The regions of Guangdong and Zhejiang share very similar characteristics. A small group of cities in each generates 80% of the plastic waste (nine cities, 25,000 tons a day in Guangdong; six cities, almost 20,000 tons a day in Zhejiang). Private companies manage waste collection and processing, but mechanical recycling depends on an informal network of waste pickers, collectors, and traders. These provinces have the potential to provide ample supply for pyrolysis facilities, but the feedstock acquisition cost is high: more than $200 a ton in both regions. This results in total plant operating costs of more than $400 a ton. Estimated margins would be about $40 a ton, or 8% to 9%.
In all markets, the biggest single challenge for pyrolysis is achieving the scale necessary to have a significant impact on the plastic waste problem and generate sufficient revenues and profits to justify investment. Some important limitations and risks have to be addressed. The most immediate limitations are the current small scale (a typical plant handles 25 kilotons to 30 kilotons per year) and challenging technical operations. Potential unintended consequences also need to be considered. Several chemical companies are putting major effort into research and development of plastic products that have a greater ability to be mechanically recycled. Promoting pyrolysis, a means of plastics regeneration, could eliminate the incentives for these R&D efforts.
That said, pyrolysis offers energy and chemical companies the opportunity to explore profitable new business models while they simultaneously improve their environmental, social, and governance performance. Pyrolysis can have an immediate and significant impact in immature markets such as Jakarta (where pyrolysis could handle more than half and potentially up to two-thirds of all plastic waste), Guangdong (a quarter of all plastic waste), and Zhejiang (one-fifth of all plastic waste). Pyrolysis is also economically viable in many mature markets, but in regions such as the US Gulf Coast, where it competes on cost with ample landfill capacity, governments need to decide whether they want to use their legislative and regulatory authority to discourage landfilling and provide incentives for alternatives.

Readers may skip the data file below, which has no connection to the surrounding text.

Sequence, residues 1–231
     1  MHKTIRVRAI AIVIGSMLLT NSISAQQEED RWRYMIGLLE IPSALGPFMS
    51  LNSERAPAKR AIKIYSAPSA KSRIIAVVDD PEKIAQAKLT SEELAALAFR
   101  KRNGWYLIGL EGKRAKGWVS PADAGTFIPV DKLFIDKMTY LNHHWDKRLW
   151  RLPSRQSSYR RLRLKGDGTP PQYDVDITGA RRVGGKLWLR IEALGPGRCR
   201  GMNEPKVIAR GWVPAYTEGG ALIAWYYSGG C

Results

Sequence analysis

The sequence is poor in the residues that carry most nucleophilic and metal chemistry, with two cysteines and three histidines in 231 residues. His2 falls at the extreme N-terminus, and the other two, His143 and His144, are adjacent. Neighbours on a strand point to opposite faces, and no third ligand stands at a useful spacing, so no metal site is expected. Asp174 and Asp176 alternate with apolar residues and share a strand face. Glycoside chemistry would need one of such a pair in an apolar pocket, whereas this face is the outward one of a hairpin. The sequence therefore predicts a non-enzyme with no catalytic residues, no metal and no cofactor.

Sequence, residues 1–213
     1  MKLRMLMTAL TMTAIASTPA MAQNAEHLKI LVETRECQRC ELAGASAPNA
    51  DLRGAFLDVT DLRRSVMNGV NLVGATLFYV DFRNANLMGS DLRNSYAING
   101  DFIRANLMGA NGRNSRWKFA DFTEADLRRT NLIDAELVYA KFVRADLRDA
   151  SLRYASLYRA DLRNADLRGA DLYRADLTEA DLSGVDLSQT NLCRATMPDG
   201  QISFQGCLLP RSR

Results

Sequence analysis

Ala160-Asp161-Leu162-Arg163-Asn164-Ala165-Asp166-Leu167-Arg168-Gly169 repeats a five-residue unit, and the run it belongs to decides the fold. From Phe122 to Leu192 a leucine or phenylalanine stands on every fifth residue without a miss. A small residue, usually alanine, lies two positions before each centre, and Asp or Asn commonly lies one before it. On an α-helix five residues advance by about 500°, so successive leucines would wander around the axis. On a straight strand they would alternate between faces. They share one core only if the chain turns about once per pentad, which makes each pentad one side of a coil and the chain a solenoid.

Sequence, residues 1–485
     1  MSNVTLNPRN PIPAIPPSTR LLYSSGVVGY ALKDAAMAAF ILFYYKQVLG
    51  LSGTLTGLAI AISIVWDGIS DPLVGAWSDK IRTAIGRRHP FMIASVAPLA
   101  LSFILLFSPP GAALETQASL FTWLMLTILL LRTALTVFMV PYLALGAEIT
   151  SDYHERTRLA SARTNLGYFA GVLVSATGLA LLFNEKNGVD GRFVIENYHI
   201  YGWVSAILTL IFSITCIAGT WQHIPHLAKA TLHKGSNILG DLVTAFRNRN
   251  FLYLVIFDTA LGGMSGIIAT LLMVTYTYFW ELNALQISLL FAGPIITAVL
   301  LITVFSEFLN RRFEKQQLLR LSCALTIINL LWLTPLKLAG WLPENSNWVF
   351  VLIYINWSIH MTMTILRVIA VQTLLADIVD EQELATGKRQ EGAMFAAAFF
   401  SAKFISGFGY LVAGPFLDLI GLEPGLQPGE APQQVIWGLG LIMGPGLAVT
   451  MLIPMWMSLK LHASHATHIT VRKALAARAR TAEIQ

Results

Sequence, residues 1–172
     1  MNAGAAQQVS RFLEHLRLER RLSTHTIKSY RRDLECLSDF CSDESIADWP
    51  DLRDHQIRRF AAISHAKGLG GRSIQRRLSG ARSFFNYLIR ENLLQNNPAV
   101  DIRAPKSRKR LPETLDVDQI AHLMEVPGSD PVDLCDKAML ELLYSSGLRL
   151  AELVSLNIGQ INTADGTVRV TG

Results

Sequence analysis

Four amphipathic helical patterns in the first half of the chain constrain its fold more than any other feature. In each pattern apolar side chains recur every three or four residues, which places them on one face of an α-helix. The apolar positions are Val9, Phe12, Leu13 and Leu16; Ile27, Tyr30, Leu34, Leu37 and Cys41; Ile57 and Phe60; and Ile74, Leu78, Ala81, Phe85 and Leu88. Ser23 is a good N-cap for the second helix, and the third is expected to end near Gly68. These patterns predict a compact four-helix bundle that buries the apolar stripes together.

Governments have an important part to play in incentivizing the development of plastic waste solutions. Europe has been a leader in this area through its promotion of and investment in new processes and technologies as well as through its regulation of plastics usage and disposal in general. All governments need to shape policies to create guiding frameworks that help define a clear waste management hierarchy and incentivize recycling to address all plastic types. Such frameworks can aid the development and successful implementation of innovative product design, waste management infrastructure, and mechanical recycling, as well as plastics regeneration technologies. All levels of government can contribute, from local or regional legislative bodies to national assemblies, executives, and agencies.
Within the current hierarchy of solutions, plastics conversion—specifically pyrolysis—can play an important role in mitigating the environmental impact of plastics in the near to medium term. The more companies, governments, and institutions invest in or support conversion technologies, the greater their ability to contribute to solving this global environmental problem.